1. Examine how Miller creates dramatic tension in the 'yellow bird' scene of The Crucible ...

    Proctor loses his temper as Mary sides with the other girls in order to get herself out of the troubling situation and she claims John Proctor is the 'Devils Man'. The audience are in dismay, as we know that Proctor is one of the only decent men and that he is in fact innocent.

  2. How does Miller use the concept of witchcraft for dramatic effect and to expose ...

    and get him out of trouble as she thought it was Abigail who confessed the affair. Abigail lied and denied the allegation of the two of them having an affair as she had lied up until this point so far.

  1. In Act 3 of 'The Crucible', how are Dramatic Devices and Events Used by ...

    They hope to find in his character even the slightest deviation from Christian doctrine because they would then be able to cast him as an enemy of religion. Once thus labelled, Proctor would have virtually no chance of anyone in God-fearing Salem intervening on his behalf, therefore suppressing the truth.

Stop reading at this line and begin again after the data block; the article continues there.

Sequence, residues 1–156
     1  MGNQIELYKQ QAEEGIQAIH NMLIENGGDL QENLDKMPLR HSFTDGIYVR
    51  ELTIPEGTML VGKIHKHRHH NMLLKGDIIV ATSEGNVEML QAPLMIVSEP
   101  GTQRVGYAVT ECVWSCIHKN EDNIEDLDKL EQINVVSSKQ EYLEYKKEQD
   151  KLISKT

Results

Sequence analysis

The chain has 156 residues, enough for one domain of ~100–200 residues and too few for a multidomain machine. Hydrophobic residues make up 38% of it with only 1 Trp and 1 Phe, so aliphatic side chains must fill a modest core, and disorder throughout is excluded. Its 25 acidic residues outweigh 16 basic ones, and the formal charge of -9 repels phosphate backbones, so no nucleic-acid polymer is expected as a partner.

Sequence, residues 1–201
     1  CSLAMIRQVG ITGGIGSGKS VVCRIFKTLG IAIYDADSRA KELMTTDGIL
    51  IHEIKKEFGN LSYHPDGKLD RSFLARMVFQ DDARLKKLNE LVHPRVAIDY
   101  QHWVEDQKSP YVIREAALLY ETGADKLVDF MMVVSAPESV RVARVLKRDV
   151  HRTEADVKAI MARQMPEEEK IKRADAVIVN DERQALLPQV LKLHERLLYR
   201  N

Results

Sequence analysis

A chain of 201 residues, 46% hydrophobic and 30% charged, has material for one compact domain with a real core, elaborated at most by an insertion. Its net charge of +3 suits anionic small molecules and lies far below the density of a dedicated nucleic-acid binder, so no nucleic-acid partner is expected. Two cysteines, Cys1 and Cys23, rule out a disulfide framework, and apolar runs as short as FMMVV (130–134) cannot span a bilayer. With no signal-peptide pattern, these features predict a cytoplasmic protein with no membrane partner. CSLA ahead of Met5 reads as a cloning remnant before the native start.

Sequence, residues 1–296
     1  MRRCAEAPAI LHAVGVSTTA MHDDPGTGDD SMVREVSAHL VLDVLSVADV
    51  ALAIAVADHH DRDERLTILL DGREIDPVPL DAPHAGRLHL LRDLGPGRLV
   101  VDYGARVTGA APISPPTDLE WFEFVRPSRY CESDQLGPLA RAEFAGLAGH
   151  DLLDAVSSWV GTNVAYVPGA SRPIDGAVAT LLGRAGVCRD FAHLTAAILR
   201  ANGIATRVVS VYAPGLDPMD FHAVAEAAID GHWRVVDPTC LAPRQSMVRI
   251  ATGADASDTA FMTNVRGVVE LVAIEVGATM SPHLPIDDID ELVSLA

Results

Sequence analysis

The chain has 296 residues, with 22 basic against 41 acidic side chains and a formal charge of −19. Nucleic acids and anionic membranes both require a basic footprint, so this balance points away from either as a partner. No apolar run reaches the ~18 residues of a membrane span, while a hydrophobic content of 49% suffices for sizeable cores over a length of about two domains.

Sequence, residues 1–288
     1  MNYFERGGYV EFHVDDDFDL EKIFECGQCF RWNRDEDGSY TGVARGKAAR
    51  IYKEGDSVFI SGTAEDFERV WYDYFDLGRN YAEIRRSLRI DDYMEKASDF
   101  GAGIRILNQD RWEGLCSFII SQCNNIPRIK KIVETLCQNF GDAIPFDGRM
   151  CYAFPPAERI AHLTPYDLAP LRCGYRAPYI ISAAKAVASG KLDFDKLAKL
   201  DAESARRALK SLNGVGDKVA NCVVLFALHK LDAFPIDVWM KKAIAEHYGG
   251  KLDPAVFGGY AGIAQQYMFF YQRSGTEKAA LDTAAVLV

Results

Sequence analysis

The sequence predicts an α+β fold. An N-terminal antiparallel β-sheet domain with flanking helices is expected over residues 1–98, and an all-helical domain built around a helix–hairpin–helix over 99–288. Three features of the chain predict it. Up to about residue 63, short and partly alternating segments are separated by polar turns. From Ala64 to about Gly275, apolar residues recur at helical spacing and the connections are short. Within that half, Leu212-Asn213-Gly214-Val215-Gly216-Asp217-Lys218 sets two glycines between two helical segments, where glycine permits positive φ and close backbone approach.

2. How does Miller make the "yellow bird" scene especially dramatic? Explain and comment on ...

    The "yellow bird" idea shows just how ridiculous the whole incident has become, almost like Margaret Chase Smith's "Declaration of Conscience." The scene mainly expresses the pinnacle, then loss of control for Mary and Abigail, but, in a broader sense, the judges have also lost power.

  1. Create an outright contrast between the two protagonists - Abigail Williams and Elizabeth Proctor. ...

    Proctor is as much to blame as Abigail for the affair, and gives her no signal that it is totally over. One of the strongest things he says to Abigail however is: 'I will cut off my hand before, I'll ever reach for you again.'

  2. Crucible: what Dramatic Devices does Miller use to Keep Abigail at the Centre of ...

    It is at this point in the play that we can see through Abigail's innocent mask and discover that she is not what she has appeared to be. It is now becoming clear that she is extremely manipulative and selfish.

  • Over 160,000 pieces
    of student written work
  • Annotated by
    experienced teachers
  • Ideas and feedback to
    improve your own work